Jennifer Viegas covers the recent discoveries at Sibudu Cave, South Africa: "Stone Age color, glue 'factory' found".
A once-thriving 58,000-year-old ochre powder production site has just been discovered in South Africa. The discovery offers a glimpse of what early humans valued and used in their everyday lives.
The finding, which will be described in the Journal of Archaeological Science, also marks the first time that any Stone Age site has yielded evidence for ochre powder processing on cemented hearths -- an innovation for the period. A clever caveman must have figured out that white ash from hearths can cement and become rock hard, providing a sturdy work surface.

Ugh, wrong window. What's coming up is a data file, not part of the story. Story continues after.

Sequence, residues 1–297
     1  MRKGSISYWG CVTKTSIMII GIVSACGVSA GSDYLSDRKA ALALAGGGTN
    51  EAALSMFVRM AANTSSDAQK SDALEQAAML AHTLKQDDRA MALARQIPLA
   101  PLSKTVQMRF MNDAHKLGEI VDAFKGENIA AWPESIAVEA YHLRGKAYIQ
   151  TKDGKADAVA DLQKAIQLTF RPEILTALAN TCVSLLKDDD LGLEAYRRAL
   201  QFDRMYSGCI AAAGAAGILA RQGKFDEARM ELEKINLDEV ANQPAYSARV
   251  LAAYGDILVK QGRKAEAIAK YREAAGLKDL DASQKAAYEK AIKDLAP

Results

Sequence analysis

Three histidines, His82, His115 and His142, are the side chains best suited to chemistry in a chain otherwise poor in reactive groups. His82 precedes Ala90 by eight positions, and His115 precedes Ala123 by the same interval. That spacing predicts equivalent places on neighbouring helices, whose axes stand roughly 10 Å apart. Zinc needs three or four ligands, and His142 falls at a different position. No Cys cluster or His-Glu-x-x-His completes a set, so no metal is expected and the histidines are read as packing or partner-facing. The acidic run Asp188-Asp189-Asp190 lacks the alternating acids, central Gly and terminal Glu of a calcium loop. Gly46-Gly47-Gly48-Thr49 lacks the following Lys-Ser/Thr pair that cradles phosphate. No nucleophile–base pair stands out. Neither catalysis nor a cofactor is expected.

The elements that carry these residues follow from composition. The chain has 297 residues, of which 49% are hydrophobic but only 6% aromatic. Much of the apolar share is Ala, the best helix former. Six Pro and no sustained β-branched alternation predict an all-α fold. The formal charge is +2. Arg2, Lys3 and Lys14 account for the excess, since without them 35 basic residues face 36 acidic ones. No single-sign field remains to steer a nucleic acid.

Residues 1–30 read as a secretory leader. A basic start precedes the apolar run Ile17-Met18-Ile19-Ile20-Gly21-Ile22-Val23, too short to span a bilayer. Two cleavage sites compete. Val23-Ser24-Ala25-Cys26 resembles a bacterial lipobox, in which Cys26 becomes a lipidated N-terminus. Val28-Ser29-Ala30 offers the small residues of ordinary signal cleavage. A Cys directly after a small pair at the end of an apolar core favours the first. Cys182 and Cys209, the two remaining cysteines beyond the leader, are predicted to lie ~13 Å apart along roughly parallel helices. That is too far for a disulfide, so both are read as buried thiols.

This appears to have been a site of intensive processing, with thousands of pieces of ochre nearby. I wonder whether the intensification implies a trade network for exchange of the product.